Isn't Three a Crowd?
Q: My girlfriend and I have been dating for about two years, and she recently moved in with me at my house. She has a male friend that she has known for at least 10 years who has had at times been homeless. He lived with her as a boarder in her house for 6 months prior to her moving in with me. Now she has asked me if he could live with us "temporarily" until he gets back on his feet. They have a chummy relationship as they talk and text on the phone frequently. My girlfriend is a great cook and very caring and I'm sure he likes that very much. We have a great relationship and are talking marriage. I feel that this will adversely affect our relationship and am totally against it. Am I overreacting?—Jack, 55
Dr. Susan: You are in no way obligated to take on your girlfriend's enabling of this old friend of hers. If it were her parent or child, it would be a different matter. Homelessness is a terrible thing, but unless you and she want him living with you from here on out, or whenever he finds himself in need, it's time to set some boundaries. It would be much less entangling for you and she to pay for a hotel for him for a month so he can get on his feet. However, the six months he boarded with her previously didn't seem to do the trick.
Guests get comfortable and often have a way of overstaying their welcome. Quite a strain on any relationship! Invite him to dinner as often as you can stand, but you don't have to invite him to move in. Hook him up with every resource available in your vicinity that might help him avoid his current fix. You and your girlfriend had better work this out long before you send out those wedding invitations, lest the three of you end up walking down the aisle together.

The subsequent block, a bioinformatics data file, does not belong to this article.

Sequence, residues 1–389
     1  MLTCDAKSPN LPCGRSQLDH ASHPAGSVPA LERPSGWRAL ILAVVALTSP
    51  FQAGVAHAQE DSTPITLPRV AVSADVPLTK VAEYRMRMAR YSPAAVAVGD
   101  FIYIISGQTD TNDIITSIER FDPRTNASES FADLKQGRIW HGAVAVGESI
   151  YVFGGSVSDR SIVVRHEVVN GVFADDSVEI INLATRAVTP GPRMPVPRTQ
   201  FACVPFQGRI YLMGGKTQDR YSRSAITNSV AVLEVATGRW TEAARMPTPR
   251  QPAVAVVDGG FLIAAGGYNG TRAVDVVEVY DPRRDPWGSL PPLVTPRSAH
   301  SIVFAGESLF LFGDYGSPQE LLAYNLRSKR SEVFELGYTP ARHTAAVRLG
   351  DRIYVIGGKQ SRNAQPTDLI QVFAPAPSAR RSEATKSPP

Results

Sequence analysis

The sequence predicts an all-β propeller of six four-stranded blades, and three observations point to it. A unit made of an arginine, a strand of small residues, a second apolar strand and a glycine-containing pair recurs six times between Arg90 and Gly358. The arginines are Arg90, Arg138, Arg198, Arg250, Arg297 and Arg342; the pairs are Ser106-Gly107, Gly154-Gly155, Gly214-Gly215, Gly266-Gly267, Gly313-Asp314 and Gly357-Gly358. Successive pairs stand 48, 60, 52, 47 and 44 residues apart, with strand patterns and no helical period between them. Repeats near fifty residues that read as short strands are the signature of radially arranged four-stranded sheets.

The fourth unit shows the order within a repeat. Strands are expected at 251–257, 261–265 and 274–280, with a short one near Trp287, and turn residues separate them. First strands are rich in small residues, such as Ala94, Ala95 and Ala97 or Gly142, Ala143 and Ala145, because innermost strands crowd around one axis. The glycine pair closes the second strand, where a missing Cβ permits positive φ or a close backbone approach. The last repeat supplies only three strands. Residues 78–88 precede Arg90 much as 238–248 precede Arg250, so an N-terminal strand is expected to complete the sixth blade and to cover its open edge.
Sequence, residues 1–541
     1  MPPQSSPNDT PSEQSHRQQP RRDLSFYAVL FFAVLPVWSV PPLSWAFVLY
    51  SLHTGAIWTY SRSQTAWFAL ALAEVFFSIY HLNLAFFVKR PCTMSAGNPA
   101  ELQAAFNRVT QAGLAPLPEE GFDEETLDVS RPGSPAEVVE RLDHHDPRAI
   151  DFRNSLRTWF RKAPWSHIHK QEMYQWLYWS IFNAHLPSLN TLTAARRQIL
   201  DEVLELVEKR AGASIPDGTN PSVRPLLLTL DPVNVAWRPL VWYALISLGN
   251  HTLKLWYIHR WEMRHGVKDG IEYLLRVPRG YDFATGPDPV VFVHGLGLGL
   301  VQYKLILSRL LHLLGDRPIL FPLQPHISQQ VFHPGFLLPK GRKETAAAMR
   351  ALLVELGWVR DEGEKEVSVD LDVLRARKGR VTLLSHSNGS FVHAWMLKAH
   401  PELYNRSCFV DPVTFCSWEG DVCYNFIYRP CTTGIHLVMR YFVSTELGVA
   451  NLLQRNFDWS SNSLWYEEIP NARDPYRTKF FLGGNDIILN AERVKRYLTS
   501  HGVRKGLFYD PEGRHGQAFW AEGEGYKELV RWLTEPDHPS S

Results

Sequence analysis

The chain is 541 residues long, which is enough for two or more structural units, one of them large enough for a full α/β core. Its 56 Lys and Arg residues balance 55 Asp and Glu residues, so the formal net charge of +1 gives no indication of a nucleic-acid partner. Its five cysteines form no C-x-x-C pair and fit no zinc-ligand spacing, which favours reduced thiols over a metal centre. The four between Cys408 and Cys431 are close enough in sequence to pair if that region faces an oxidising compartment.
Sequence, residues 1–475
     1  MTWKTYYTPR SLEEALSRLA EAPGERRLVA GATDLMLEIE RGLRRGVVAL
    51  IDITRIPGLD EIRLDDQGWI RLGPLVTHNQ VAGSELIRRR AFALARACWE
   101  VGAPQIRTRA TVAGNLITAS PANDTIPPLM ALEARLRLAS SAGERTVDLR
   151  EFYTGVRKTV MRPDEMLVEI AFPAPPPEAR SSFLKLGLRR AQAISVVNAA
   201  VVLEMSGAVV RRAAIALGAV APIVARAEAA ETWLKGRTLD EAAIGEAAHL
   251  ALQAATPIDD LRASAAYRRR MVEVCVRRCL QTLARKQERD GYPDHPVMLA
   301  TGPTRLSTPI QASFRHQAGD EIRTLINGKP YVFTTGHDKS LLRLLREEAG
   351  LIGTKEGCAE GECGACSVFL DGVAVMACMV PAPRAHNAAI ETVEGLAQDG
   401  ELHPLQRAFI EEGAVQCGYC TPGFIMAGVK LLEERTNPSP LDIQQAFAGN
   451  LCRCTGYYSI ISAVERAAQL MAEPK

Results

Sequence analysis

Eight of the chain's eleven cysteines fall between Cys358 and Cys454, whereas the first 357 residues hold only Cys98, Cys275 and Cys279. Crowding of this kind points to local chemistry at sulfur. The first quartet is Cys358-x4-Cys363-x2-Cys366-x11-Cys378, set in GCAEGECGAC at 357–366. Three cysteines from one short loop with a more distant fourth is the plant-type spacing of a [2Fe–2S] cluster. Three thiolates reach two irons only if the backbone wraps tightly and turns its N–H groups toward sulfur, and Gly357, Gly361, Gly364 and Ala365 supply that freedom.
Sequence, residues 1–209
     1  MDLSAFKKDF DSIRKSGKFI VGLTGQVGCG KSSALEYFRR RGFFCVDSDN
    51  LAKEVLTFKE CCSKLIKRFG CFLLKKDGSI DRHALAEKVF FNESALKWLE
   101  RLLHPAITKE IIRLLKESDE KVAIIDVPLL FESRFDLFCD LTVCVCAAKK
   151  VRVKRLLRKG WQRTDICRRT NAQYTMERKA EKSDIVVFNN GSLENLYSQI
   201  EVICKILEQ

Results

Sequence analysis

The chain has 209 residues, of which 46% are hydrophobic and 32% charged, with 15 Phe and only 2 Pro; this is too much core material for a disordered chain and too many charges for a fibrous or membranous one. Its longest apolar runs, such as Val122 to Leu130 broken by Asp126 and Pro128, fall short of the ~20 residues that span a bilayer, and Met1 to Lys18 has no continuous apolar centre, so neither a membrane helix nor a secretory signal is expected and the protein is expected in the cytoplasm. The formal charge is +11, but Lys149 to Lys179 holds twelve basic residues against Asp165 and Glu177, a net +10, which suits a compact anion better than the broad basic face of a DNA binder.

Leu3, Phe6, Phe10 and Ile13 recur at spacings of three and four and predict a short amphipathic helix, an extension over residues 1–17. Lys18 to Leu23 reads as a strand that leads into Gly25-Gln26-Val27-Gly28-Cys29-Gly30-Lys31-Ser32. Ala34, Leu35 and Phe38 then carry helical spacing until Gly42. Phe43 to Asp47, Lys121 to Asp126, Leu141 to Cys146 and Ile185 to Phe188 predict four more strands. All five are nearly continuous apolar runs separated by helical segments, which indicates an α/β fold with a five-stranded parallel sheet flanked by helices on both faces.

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Susan K. Perry, Ph.D.
Susan K. Perry, Ph.D., is a social psychologist, relationship expert, and bestselling and award-winning author. Her books include Loving in Flow: How the Happiest Couples Get and Stay That Way, and Kylie's Heel, a novel for adults.
Pamela G. Chollet, Ph.D.
Dr. Pamela Chollet has a Ph.D. in clinical psychology and Master degrees in educational psychology and fine arts. Her passion has been helping people face and get through those times when they feel trapped and unable to move forward.
Anna Charbonneau, Ph.D.
Anna Charbonneau, Ph.D., is a clinical psychologist, stress management expert, and author. If you're feeling overwhelmed, stressed out, or struggling to make changes in your life, Anna can help.